NASA's Aqua satellite reveals Tropical Cyclone Ita strengthening

April 8, 2014 by Rob Gutro
NASA's Aqua satellite captured this visible image of Tropical Cyclone Ita near eastern Papua New Guinea on April 8 at 3:30 UTC. Credit: NASA Goddard MODIS Rapid Response

Tropical Cyclone Ita's maximum sustained winds have increased over the last day and NASA's Aqua satellite provided forecasters at the Joint Typhoon Warning Center with a visible look at the storm on April 8.

NASA's Aqua satellite passed over Ita at 3:30 UTC/11:30 p.m. EDT on April 7, and the Moderate Resolution Imaging Spectroradiometer provided a visible image of Tropical Cyclone Ita. The MODIS image showed a large area of strong thunderstorms south and northeast of the center of circulation. At the same time, the Atmospheric Infrared Sounder or AIRS instrument aboard Aqua gathered infrared data on the storm, revealing very cold cloud top temperatures near -63F/-52C, and indicative that the storm was strengthening. When cloud tops cool there is more uplift or energy in the atmosphere to push them higher into the troposphere. The stronger the push the higher the cloud tops go and that means the potential for stronger thunderstorms.

At 900 UTC/5 a.m. EDT, Ita's were near 65 knots/74.8 mph/120.4 kph. It was centered near 11.5 south and 152.2. east, about 507 nautical miles/583.4 miles/939 km northeast of Cairns, Queensland, Australia. Ita was moving to the west-northwest at 3 knots/3.4 mph/5.5 kph, but is expected to move in a more west-southwesterly direction.

NASA's Aqua satellite captured this infrared image of Tropical Cyclone Ita near eastern Papua New Guinea on April 8 at 3:30 UTC. Credit: NASA JPL/Ed Olsen

Animated multispectral satellite imagery showed that the low-level center of circulation is consolidating. Ita is moving away from Sudest Island today, April 8. An image from the Advanced Microwave Sounding Unit showed that the center is surrounded by tightly curved bands of thunderstorms along the eastern semi-circle. The AMSU-A aboard NASA's Aqua satellite is part of a closely coupled triplet of instruments that include the AIRS (Atmospheric Infrared Sounder) and HSB (Humidity Sounder for Brazil). AMSU-A on Aqua is a 15-channel microwave sounder instrument designed primarily to obtain temperature profiles in the upper atmosphere (especially the stratosphere) and to provide a cloud-filtering capability for tropospheric temperature observations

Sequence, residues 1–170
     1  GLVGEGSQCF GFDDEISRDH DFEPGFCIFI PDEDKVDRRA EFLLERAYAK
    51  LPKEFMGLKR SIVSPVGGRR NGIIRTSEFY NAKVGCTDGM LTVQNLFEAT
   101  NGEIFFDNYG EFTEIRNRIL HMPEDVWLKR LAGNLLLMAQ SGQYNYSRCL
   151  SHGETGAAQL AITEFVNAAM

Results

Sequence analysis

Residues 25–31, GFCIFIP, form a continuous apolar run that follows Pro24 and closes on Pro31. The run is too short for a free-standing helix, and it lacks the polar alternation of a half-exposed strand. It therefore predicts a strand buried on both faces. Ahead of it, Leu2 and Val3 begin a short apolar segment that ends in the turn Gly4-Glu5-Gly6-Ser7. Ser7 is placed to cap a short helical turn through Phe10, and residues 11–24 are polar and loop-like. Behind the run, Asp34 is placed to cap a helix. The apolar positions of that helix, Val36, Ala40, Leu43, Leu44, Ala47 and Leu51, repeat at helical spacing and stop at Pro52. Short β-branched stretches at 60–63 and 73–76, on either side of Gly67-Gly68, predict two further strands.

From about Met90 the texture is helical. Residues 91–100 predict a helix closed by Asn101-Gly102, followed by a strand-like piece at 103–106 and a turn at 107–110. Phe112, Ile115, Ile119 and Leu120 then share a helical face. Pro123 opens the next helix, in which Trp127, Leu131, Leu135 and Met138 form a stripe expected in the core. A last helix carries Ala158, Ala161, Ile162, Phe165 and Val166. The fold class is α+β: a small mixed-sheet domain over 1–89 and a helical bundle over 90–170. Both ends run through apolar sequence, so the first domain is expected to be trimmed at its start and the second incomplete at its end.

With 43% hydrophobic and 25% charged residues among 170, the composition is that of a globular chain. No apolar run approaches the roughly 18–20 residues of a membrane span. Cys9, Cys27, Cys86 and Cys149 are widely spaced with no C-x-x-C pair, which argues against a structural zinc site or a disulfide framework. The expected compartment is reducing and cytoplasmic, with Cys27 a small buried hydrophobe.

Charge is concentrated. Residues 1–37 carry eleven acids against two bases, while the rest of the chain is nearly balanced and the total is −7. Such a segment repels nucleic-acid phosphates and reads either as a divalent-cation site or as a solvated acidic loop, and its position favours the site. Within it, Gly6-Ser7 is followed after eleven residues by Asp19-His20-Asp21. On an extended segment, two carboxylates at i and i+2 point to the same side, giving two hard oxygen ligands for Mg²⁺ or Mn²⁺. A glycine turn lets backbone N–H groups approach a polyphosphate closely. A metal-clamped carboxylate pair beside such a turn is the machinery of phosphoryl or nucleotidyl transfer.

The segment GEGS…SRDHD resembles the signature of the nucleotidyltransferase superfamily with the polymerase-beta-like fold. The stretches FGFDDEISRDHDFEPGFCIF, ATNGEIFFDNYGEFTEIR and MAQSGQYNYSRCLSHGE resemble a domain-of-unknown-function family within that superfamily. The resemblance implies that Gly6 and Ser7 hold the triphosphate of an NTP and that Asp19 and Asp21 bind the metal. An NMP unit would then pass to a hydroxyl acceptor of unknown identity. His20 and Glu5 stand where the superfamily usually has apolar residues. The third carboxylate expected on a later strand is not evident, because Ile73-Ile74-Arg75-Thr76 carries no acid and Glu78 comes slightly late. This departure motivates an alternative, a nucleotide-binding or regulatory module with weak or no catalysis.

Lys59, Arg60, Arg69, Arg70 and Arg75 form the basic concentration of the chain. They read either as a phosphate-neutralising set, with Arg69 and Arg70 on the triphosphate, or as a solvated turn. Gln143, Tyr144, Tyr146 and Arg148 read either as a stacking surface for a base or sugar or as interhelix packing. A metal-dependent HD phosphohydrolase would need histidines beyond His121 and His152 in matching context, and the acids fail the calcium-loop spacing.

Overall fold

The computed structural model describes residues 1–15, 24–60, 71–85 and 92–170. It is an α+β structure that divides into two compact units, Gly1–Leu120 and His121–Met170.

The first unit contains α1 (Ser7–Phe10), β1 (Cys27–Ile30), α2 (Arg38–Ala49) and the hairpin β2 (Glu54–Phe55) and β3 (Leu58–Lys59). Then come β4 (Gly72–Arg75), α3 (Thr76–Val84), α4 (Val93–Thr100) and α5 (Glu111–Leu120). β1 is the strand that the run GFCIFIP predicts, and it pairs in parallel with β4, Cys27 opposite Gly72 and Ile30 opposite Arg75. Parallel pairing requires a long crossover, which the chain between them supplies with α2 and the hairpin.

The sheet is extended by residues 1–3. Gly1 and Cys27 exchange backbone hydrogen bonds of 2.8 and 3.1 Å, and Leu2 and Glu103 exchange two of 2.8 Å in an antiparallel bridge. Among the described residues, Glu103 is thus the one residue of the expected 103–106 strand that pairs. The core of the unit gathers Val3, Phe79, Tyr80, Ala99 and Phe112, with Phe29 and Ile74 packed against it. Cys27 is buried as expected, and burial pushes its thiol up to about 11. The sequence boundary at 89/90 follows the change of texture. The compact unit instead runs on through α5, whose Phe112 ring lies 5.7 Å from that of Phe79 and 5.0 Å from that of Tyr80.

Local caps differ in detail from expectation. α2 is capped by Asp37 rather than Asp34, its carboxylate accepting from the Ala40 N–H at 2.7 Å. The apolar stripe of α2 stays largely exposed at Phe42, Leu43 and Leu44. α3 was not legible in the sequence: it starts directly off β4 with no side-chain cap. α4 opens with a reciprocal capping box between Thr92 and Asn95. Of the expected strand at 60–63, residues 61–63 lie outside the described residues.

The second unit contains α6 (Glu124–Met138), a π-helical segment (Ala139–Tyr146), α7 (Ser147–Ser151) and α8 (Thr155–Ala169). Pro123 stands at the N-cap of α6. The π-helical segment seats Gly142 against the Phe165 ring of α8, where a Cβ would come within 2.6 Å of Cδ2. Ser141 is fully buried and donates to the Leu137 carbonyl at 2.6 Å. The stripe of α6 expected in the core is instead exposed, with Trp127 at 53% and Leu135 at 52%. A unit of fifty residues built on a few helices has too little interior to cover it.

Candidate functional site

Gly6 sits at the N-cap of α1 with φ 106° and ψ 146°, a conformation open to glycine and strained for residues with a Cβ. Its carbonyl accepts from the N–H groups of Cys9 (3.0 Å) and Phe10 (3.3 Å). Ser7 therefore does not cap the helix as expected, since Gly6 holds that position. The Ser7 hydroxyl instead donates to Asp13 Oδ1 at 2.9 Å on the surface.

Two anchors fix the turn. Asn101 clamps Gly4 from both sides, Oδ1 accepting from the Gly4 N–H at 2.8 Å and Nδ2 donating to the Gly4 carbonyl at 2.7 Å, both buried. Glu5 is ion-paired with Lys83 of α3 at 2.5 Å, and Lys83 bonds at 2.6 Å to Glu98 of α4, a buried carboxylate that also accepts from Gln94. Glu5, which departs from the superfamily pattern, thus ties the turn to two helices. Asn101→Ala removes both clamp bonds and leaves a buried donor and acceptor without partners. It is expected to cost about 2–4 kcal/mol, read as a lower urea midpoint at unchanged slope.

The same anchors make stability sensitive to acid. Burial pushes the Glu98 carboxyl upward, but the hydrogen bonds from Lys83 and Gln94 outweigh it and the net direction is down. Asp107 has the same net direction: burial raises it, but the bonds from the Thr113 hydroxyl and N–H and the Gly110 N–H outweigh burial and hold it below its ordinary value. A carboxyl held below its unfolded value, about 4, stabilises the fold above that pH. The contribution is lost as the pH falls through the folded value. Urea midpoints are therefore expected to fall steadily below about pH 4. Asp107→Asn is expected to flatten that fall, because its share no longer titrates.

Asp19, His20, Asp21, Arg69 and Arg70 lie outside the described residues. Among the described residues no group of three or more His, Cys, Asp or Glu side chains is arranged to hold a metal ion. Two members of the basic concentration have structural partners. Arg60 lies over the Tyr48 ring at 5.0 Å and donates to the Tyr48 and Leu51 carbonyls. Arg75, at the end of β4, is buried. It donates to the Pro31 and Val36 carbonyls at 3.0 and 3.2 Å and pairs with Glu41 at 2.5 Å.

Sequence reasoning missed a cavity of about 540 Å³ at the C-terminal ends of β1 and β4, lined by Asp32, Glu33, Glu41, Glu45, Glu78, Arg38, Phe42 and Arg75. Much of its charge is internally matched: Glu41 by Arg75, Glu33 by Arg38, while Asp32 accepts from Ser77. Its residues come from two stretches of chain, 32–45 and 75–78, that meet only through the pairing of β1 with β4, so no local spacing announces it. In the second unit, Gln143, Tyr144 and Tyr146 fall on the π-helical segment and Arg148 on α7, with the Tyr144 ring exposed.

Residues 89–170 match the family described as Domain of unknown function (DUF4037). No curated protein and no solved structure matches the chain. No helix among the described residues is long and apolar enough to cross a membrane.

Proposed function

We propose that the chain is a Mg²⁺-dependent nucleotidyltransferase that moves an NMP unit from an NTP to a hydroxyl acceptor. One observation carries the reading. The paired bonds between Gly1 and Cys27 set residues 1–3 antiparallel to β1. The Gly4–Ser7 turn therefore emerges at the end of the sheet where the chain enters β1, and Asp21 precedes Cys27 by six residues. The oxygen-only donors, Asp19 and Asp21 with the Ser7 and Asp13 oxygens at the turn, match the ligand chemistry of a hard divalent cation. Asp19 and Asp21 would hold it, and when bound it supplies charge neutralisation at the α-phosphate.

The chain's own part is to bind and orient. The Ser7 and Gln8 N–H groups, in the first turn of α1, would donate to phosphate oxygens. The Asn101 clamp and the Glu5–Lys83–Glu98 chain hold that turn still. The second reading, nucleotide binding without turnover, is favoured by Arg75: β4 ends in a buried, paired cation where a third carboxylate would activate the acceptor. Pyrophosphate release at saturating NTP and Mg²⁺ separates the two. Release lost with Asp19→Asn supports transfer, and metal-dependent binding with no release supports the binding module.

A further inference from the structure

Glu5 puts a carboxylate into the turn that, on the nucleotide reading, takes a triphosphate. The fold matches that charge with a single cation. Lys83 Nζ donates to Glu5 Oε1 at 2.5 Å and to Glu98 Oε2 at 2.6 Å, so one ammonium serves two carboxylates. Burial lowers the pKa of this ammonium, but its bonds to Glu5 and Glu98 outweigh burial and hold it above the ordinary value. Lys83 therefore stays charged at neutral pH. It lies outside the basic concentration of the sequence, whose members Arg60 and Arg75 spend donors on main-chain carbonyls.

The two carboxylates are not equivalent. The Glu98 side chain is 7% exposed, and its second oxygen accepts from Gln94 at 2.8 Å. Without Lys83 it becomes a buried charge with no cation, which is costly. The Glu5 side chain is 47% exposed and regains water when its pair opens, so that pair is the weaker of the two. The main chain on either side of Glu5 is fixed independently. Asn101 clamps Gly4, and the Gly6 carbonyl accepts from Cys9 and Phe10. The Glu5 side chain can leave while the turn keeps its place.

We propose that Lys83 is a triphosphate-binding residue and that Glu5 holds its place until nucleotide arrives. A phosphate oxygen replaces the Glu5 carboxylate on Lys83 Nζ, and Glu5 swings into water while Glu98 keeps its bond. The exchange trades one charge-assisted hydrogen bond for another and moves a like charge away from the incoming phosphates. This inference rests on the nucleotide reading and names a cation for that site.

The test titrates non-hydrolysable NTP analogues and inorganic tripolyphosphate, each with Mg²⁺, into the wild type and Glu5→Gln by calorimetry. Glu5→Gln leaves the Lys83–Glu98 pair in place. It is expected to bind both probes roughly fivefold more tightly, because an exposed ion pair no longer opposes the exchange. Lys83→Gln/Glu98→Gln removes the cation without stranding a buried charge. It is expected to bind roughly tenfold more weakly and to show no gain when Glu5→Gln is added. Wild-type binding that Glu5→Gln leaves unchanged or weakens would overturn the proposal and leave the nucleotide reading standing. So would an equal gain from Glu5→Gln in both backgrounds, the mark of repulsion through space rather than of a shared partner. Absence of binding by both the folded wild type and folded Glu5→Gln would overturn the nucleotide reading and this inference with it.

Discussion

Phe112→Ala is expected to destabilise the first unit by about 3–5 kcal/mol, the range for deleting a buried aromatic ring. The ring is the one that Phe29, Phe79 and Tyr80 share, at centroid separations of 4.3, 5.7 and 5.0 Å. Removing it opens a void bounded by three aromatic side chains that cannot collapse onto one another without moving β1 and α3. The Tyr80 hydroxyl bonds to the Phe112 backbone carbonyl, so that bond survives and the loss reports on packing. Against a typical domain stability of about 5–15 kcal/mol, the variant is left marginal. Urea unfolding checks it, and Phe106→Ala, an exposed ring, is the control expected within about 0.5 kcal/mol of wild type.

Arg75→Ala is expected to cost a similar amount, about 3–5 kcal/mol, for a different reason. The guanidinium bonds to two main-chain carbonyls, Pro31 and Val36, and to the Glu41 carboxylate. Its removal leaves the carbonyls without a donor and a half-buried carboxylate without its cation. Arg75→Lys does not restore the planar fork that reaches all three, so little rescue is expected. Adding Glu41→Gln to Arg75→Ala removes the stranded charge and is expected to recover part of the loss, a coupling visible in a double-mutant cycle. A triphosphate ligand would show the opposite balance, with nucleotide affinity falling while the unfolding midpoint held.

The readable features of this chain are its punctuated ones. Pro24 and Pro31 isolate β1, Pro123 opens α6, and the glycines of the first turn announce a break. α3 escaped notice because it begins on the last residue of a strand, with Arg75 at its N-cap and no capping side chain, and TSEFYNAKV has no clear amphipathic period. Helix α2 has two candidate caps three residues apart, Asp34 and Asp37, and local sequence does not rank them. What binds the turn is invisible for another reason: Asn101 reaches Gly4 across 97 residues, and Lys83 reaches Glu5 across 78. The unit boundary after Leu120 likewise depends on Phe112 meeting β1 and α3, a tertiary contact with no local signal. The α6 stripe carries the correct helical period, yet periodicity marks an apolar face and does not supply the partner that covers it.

Forecasters at the JTWC or Joint Typhoon Warning Center forecast Ita to accelerate westward to west-southwestward as a mid-level subtropical ridge (elongated area of high pressure) builds over the Coral Sea. JTWC forecasters then expect Ita to head toward Queensland Australia's Cape York Peninsula over the next three days.

Explore further: NASA satellite sees Faxai hit typhoon strength

Related Stories

NASA sees Tropical Depression 05W's bulk west of center

April 4, 2014

NASA-NOAA's Suomi NPP satellite passed over Tropical Depression 05W on April 4 at 07:09 UTC/3:09 a.m. EDT. The VIIRS instrument captured a visible picture of the storm, revealing most of the clouds and thunderstorms were ...

NASA catches Tropical Cyclone Ita near Papua New Guinea

April 7, 2014

The twenty-third tropical cyclone of the Southern Pacific tropical cyclone season has developed near the Solomon Islands and strengthened into Tropical Storm Ita on April 5. NASA satellite imagery showed the center of circulation ...

Recommended for you

Ice sheets may be more resilient than thought

September 3, 2015

Sea level rise poses one of the biggest threats to human systems in a globally warming world, potentially causing trillions of dollars' worth of damages to flooded cities around the world. As surface temperatures rise, ice ...

Clues from ancient Maya reveal lasting impact on environment

September 3, 2015

Evidence from the tropical lowlands of Central America reveals how Maya activity more than 2,000 years ago not only contributed to the decline of their environment but continues to influence today's environmental conditions, ...

Climate ups odds of 'grey swan' superstorms

August 31, 2015

Climate change will boost the odds up to 14-fold for extremely rare, hard-to-predict tropical cyclones for parts of Australia, the United States and Dubai by 2100, researchers said Monday.

0 comments

Please sign in to add a comment. Registration is free, and takes less than a minute. Read more

Click here to reset your password.
Sign in to get notified via email when new comments are made.